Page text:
Buying a low-cost index fund will get you the average market return. But in any diversified portfolio of stocks, you'll see some that fall short of the average. That's what has happened with the Graham Corporation (NYSE:GHM) share price. It's up 24% over three years, but that is below the market return. Zooming in, the stock is actually down 13% in the last year.
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While the efficient markets hypothesis continues to be taught by some, it has been proven that markets are over-reactive dynamic systems, and investors are not always rational. One way to examine how market sentiment has changed over time is to look at the interaction between a company's share price and its earnings per share (EPS).
During three years of share price growth, Graham moved from a loss to profitability. That would generally be considered a positive, so we'd expect the share price to be up.
The graphic below depicts how EPS has changed over time (unveil the exact values by clicking on the image).
We know that Graham has improved its bottom line lately, but is it going to grow revenue? You could check out this free report showing analyst revenue forecasts.
What About Dividends?
As well as measuring the share price return, investors should also consider the total shareholder return (TSR). The TSR incorporates the value of any spin-offs or discounted capital raisings, along with any dividends, based on the assumption that the dividends are reinvested. So for companies that pay a generous dividend, the TSR is often a lot higher than the share price return. We note that for Graham the TSR over the last 3 years was 31%, which is better than the share price return mentioned above. This is largely a result of its dividend payments!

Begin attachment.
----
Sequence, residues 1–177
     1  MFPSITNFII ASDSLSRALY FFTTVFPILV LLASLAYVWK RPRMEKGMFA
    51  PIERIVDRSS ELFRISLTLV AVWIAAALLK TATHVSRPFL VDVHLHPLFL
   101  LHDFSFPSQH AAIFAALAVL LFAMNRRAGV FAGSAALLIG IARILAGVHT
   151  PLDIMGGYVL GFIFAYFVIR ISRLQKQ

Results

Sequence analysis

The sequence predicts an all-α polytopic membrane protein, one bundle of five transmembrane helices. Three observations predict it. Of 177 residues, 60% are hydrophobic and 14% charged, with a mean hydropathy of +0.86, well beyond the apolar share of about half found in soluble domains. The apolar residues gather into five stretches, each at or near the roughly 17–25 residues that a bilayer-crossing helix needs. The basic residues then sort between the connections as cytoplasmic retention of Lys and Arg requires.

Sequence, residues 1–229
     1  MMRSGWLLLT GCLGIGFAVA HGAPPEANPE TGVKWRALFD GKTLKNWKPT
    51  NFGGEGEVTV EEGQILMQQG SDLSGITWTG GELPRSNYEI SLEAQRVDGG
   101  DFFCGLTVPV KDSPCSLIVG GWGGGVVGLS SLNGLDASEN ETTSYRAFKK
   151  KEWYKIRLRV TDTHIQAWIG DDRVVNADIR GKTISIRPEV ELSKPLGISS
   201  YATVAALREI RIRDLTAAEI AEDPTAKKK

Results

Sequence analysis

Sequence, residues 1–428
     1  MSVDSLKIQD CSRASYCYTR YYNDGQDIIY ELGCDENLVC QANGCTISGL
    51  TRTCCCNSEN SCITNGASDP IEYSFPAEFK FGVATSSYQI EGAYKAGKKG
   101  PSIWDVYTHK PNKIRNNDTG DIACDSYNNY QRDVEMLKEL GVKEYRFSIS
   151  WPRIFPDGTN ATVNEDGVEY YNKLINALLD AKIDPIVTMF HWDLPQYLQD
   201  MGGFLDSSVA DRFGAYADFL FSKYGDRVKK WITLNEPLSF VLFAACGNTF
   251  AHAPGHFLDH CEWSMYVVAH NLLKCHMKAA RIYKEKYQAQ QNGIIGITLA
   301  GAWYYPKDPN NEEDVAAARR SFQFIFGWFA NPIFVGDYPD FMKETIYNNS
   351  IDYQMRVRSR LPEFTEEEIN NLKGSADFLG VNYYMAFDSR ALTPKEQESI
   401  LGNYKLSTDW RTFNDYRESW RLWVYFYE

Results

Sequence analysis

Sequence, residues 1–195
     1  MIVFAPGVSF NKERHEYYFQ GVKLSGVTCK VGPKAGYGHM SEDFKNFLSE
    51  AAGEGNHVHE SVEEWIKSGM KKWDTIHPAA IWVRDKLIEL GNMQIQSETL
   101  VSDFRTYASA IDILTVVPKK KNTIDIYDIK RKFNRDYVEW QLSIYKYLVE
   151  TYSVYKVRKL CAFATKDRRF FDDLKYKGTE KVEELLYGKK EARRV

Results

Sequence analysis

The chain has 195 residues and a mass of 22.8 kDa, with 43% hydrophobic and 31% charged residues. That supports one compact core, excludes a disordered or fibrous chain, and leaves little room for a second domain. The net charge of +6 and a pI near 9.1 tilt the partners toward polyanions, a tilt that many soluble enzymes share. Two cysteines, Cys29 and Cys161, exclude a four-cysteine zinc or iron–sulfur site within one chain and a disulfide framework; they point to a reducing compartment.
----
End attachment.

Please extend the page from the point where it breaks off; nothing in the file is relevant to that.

A Different Perspective
While the broader market gained around 5.2% in the last year, Graham shareholders lost 12% (even including dividends). However, keep in mind that even the best stocks will sometimes underperform the market over a twelve month period. Unfortunately, last year's performance may indicate unresolved challenges, given that it was worse than the annualised loss of 3.3% over the last half decade. Generally speaking long term share price weakness can be a bad sign, though contrarian investors might want to research the stock in hope of a turnaround. If you would like to research Graham in more detail then you might want to take a look at whether insiders have been buying or selling shares in the company.
If you would prefer to check out another company -- one with potentially superior financials -- then do not miss this free list of companies that have proven they can grow earnings.
Please note, the market returns quoted in this article reflect the market weighted average returns of stocks that currently trade on US exchanges.
We aim to bring you long-term focused research analysis driven by fundamental data. Note that our analysis may not factor in the latest price-sensitive company announcements or qualitative material.
If you spot an error that warrants correction, please contact the editor at firstname.lastname@example.org. This article by Simply Wall St is general in nature. It does not constitute a recommendation to buy or sell any stock, and does not take account of your objectives, or your financial situation. Simply Wall St has no position in the stocks mentioned. Thank you for reading.